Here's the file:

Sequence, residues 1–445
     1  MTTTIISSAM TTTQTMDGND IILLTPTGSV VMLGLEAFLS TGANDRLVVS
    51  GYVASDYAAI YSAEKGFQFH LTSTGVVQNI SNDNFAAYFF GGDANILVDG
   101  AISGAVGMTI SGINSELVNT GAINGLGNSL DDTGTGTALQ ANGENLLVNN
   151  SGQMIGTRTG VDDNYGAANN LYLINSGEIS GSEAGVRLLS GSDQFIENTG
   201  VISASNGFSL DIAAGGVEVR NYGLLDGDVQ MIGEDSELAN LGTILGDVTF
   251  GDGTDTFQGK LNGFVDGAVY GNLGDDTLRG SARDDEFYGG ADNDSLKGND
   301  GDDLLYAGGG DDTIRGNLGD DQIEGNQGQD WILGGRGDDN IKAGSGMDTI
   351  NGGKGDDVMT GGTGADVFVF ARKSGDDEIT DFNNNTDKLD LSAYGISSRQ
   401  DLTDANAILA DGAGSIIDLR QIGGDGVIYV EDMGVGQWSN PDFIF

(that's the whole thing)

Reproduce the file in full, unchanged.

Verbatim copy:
Sequence, residues 1–445
     1  MTTTIISSAM TTTQTMDGND IILLTPTGSV VMLGLEAFLS TGANDRLVVS
    51  GYVASDYAAI YSAEKGFQFH LTSTGVVQNI SNDNFAAYFF GGDANILVDG
   101  AISGAVGMTI SGINSELVNT GAINGLGNSL DDTGTGTALQ ANGENLLVNN
   151  SGQMIGTRTG VDDNYGAANN LYLINSGEIS GSEAGVRLLS GSDQFIENTG
   201  VISASNGFSL DIAAGGVEVR NYGLLDGDVQ MIGEDSELAN LGTILGDVTF
   251  GDGTDTFQGK LNGFVDGAVY GNLGDDTLRG SARDDEFYGG ADNDSLKGND
   301  GDDLLYAGGG DDTIRGNLGD DQIEGNQGQD WILGGRGDDN IKAGSGMDTI
   351  NGGKGDDVMT GGTGADVFVF ARKSGDDEIT DFNNNTDKLD LSAYGISSRQ
   401  DLTDANAILA DGAGSIIDLR QIGGDGVIYV EDMGVGQWSN PDFIF